In 2002, Professor MacKenzie joined the Academic staff of the School of Chemical and Physical Sciences at Victoria University of Wellington, being promoted to full Professor in 2006.
In this capacity he has trained and mentored some of New Zealand’s leading materials scientists. His research group also regularly hosted and trained many overseas scientists and students, particularly from less-developed countries including Iran, Cameroon and Thailand.
He is a past chairman of the Wellington Branch of the NZ Institute of Chemistry, and chaired the 2011 Fellowship panel of the Royal Society of New Zealand. He has regularly represented New Zealand on the organising committees of international conferences and continues to be an advisory board member and reviewer for more than 12 international journals.
As an acknowledged authority in the field of solid-state NMR spectroscopy he continues to be regularly consulted by colleagues in both developed and less-developed countries, including USA, Japan, Germany, UK, Thailand, Iran, Cameroon and Mongolia, reflecting the truly international nature of his research. His work has been published in more than 350 research papers in many high-impact peer-reviewed materials science journals, including an early-career paper in “Nature” and in 10 book chapters.
He has regularly represented New Zealand in the area of materials science by presenting more than 80 invited plenary lectures to international conferences. He has also made his research in materials science accessible to the NZ public by talks to social groups, service clubs, teachers and school groups and other organizations, through radio and TV interviews, and in an article in the NZ Geographic magazine.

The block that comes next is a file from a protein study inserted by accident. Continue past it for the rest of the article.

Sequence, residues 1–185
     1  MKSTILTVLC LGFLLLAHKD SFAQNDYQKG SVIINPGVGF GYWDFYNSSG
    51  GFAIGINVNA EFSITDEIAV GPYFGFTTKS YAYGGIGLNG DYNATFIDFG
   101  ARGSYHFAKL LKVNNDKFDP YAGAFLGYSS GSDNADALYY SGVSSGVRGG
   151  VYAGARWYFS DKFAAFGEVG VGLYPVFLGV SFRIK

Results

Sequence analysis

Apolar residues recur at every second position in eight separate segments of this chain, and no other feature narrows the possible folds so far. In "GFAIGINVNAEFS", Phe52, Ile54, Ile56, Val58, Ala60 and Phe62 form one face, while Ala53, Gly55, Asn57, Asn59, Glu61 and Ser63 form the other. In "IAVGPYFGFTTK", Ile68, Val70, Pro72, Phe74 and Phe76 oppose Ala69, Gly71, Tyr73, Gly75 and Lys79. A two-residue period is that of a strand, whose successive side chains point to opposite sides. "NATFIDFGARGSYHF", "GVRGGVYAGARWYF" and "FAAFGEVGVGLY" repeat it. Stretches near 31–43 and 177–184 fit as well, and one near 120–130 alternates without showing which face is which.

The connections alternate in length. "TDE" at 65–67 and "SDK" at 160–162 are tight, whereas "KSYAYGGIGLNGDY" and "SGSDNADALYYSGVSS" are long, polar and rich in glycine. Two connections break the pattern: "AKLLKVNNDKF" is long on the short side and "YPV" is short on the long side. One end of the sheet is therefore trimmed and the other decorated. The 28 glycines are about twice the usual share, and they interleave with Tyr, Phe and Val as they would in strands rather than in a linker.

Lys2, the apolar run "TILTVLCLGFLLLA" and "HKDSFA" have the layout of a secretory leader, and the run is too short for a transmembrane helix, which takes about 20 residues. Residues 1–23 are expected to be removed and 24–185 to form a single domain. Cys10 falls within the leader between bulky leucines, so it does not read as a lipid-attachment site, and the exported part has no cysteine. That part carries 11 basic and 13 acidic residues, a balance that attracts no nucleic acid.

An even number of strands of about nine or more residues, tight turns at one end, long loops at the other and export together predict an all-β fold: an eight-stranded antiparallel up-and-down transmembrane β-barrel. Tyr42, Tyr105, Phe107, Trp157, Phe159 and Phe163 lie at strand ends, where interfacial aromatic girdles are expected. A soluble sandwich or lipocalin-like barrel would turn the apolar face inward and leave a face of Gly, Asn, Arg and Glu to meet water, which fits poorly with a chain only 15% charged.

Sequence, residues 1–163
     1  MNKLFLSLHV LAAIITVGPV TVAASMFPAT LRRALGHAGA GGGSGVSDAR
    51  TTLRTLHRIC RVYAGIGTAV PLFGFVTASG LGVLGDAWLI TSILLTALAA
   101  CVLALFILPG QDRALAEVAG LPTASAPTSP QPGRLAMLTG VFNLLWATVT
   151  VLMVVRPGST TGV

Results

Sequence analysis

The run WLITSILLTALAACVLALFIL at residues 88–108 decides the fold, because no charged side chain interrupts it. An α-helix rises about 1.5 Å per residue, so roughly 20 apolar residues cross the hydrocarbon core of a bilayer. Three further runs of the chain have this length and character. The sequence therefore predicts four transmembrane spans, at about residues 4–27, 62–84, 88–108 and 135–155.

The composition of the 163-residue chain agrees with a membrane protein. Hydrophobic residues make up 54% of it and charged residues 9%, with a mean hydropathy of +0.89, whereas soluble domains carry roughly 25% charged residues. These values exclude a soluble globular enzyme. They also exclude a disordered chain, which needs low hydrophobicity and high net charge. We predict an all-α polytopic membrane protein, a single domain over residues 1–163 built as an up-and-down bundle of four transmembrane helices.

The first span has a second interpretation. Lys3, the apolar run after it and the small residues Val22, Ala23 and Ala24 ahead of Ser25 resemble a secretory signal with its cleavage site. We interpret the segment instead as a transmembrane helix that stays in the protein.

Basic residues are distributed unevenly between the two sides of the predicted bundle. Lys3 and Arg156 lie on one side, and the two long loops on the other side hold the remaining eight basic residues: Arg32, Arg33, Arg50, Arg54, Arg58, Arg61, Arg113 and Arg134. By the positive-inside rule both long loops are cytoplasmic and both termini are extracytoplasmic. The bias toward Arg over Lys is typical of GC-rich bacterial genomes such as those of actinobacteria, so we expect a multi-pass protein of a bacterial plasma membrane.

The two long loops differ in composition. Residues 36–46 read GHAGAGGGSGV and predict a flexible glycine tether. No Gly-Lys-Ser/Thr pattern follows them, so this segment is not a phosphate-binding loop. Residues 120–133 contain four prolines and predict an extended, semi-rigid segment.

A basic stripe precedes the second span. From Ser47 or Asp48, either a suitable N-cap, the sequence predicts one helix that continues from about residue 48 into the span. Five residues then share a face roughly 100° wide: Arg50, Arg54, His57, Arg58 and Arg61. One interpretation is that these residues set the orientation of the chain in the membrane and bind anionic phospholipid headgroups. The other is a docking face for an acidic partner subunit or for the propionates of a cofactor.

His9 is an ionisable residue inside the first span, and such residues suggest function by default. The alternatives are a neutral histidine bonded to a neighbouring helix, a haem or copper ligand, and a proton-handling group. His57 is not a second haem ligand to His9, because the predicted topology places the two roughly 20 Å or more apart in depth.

Professor MacKenzie’s contributions to materials chemistry over a long period have been recognized by a number of prestigious medals and prizes:
Advanced inorganic materials, solid state chemistry, solid-state NMR spectroscopy.
Development and structure of novel advanced inorganic materials for applications as catalysts, engineering and structural ceramics, electroceramics, bioceramics and ecologically-friendly materials for remediation of pollution. Investigation of these materials by X-ray diffraction, thermal analysis, electron microscopy, Mossbauer spectroscopy and solid-state NMR.
His principal area of research for the last 14 years has been in the development and study of new inorganic polymers for environmental protection applications and other novel applications. He is expert in a number of experimental techniques, but particularly solid-state multinuclear magnetic resonance, about which he has written an authorative textbook.
Ceramic materials play a vital role in have the potential to improve and protect the quality of the environment and reduce the carbon footprint of human activity.Professor Kenneth J.D. MacKenzie